blank list of resolutions on blackboardReady or not—it’s here–the time of year to determine what we would like to achieve in the new year. Regardless of where you happen to fall on the satisfaction meter for the current stage of your career, you should follow this simple yet proven plan to ensure your career is on solid footing for long term success—or in some cases where circumstance require drastic changes sooner than later.

The New Year’s outlook for Auto Manufacturers and Suppliers is very bright. We continually see that plants are operating at full capacity–additional shifts being added at record levels. (Hint for Management Teams: If you aren’t running at capacity, you have a problem because your competition IS.) The big question is where do you fit in? The best opportunities won’t just show up at your doorstep. You must develop a plan and implement it now.

1. Evaluate Your Current Position – you may be very happy in your current role. If so, great—just be sure you have a plan. We’ve seen over and over again where the most comfy among us soon find themselves unemployed—could’ve been a corporate restructuring, plant closing, personality conflicts with the new boss, or something changed and you decided you want OUT. For many reasons, folks at EVERY level find themselves in the unenviable position of a job search—usually when they least expect it. (Trust us on this one.) We’ve also seen—especially in North America—that your next big opportunity or promotion is with another company. While this isn’t as prevalent in Europe and Asia typically, this occurs at least 50 percent of the time in the North American Auto Industry. If you sense a change is on horizon within the next 12 months—don’t procrastinate!. Begin with Step 2 ASAP.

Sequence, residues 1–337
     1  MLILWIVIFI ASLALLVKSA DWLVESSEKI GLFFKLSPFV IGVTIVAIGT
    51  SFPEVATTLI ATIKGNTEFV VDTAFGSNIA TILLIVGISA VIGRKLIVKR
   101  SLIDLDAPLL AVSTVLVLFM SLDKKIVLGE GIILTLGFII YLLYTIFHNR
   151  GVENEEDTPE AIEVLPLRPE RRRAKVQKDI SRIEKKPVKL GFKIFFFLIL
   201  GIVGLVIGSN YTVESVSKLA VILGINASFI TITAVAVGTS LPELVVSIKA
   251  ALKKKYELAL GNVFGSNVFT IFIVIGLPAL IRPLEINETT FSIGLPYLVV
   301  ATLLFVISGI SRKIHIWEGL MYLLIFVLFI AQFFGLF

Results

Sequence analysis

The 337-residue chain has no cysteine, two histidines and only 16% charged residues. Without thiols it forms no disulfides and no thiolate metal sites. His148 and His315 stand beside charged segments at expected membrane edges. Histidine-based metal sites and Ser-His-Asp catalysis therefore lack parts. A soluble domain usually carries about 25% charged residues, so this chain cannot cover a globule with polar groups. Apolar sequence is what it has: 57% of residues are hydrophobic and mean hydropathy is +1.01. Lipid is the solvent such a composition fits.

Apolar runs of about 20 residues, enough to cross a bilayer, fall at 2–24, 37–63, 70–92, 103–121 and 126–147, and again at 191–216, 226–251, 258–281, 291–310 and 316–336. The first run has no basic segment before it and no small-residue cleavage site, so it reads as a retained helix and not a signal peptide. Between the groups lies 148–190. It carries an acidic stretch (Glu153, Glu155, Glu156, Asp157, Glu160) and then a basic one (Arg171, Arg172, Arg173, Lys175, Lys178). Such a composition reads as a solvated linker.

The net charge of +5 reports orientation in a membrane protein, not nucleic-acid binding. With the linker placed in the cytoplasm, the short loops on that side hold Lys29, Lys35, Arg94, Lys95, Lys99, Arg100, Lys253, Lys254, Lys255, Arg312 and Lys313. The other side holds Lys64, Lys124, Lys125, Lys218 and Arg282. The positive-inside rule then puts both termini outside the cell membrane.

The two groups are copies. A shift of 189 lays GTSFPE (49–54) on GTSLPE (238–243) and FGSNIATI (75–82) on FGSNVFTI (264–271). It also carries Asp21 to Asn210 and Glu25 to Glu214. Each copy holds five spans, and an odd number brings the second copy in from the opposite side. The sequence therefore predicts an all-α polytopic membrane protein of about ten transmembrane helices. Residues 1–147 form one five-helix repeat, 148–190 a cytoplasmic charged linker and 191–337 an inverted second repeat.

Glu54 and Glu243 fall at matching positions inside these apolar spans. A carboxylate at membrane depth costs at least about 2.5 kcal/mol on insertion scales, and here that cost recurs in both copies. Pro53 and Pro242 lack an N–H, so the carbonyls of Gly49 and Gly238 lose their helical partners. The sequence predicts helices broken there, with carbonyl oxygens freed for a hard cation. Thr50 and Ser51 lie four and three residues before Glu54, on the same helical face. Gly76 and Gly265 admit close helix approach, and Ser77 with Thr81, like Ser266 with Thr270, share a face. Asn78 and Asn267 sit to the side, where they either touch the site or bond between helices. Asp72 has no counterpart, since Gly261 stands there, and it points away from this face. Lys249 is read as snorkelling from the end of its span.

2. Define Your Goals - Begin with the end in mind. Actually, this is a great strategy for just about any action plan. If you don’t know where you’re going, you’re almost certain never to make it. Of course, everyone wants to be paid more. But what else? Does your current role afford you the comfortable lifestyle (short commute, more time at home with the family, etc) that you desire? Does your current company have the type of leadership needed to take it to the next level? Do you have the resources and training around you to maximize your potential? These are just a few examples to get you started. If you are an automotive pro in the job market, you owe it to yourself to set goals for you and your family.